Continue reading the paper in the Original –


This article originally appeared on Transcend Media Service (TMS) on 6 Jul 2015.

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2 Responses to “Confusion in Exchanging “Something” for “Nothing””

  1. Andy Hoffman says:

    This article contains some very interesting ideas and analyses. However the writing style is so brutally academic that only a few academics will ever struggle through the whole article. I suggest the author borrow from the writing style of the material he quoted from Michael Burns.

  2. Anthony Judge says:

    I really like the assumptions associated with “brutally academic”. Antonyms of brutally seem to include: gently, kindly, nicely and humanely. Those of academic include: ignorant, ordinary, plain, practical, simple, untaught.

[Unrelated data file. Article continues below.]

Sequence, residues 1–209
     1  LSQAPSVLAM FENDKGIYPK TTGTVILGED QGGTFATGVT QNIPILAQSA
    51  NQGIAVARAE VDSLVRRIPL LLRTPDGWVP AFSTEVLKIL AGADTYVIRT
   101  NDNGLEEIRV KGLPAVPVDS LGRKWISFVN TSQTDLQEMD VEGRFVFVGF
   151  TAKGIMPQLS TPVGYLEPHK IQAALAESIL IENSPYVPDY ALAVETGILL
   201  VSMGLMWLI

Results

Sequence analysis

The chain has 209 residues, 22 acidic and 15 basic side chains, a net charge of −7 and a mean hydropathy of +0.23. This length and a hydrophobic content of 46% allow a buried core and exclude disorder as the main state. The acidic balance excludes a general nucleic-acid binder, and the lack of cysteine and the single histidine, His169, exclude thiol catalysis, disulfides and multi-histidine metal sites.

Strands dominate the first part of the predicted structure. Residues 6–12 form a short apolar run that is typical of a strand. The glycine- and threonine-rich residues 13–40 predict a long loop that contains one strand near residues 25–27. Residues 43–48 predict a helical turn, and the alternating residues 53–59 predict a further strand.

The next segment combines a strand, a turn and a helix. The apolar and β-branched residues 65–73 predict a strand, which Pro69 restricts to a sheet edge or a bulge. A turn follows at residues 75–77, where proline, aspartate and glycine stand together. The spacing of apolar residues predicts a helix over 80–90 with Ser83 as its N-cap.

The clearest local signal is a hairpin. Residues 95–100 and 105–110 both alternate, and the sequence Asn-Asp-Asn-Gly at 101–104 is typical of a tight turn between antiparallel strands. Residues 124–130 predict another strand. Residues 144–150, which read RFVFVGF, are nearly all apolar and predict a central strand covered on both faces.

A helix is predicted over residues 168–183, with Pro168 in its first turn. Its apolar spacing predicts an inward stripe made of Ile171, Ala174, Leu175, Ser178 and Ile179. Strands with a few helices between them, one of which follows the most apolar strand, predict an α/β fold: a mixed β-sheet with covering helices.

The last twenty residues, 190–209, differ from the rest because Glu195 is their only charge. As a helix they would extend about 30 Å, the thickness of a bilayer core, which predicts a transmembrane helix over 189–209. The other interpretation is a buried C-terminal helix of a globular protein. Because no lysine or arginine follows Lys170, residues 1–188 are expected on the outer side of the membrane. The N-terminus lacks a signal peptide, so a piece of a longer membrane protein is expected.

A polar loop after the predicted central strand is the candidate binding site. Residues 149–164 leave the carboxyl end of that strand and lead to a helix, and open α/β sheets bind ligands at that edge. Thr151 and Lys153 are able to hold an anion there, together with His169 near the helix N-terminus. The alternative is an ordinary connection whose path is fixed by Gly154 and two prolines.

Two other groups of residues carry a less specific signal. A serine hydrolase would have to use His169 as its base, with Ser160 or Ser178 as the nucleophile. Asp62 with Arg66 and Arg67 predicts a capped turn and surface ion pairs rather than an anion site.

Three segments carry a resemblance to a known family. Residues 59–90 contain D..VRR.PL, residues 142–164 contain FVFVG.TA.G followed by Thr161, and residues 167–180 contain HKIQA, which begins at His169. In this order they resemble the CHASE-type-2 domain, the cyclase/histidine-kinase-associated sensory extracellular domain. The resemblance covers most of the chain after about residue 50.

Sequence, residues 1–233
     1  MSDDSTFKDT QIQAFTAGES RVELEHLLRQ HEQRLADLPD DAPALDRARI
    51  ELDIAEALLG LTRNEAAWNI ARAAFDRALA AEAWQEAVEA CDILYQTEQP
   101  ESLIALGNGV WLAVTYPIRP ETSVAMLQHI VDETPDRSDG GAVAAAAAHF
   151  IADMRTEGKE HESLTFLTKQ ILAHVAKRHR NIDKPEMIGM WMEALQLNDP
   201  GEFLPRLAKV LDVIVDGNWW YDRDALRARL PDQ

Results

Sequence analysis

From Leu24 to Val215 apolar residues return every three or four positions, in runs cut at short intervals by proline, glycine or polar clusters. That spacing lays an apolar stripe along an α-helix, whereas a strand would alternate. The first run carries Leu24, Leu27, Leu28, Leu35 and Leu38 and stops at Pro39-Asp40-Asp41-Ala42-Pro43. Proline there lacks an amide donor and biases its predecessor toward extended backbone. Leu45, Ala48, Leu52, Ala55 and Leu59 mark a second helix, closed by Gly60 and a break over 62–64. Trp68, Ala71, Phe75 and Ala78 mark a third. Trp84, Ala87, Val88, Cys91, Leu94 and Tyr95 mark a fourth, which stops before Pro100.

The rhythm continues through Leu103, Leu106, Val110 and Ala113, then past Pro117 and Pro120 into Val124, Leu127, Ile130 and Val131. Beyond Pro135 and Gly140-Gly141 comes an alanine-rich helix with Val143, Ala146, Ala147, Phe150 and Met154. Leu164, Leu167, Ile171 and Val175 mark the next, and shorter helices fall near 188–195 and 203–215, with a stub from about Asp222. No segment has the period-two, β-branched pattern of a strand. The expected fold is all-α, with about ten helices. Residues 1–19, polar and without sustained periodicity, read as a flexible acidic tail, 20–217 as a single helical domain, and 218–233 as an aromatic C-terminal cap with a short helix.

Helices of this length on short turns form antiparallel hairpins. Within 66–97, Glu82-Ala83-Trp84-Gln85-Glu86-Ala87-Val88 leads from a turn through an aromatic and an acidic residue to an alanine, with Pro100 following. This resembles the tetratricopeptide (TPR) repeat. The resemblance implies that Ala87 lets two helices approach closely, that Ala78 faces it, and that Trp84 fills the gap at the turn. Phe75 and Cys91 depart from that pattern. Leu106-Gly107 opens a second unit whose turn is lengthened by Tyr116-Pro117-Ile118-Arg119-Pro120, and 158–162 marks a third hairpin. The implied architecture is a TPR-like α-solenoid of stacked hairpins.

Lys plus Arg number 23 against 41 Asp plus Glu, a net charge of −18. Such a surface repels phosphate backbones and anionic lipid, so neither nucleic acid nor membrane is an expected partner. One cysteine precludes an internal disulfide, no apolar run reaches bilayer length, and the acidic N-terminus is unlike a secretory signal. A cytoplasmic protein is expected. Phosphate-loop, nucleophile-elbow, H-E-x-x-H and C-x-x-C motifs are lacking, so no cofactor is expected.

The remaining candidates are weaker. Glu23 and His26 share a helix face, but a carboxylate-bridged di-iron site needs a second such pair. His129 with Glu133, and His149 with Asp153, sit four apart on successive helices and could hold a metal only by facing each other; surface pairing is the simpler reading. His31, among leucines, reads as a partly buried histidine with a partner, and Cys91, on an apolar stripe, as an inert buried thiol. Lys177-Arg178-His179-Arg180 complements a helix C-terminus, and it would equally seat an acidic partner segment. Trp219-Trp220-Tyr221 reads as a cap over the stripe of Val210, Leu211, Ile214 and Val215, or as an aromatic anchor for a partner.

Intriguing to me is whether one can communicate complexity with appropriate simplicity within such a framework. Burns is cited appreciatively with reason. Is it to be assumed that that style of writing is sufficient to convey the complexity of what would appear to be understood?

    Maybe part of the challenge is that everyone expects complexity to be communicated Twitter-style and that will be adequate for the challenges of the times.

    Maybe sustainable strategies call for other modes of communication if they are to get off the ground?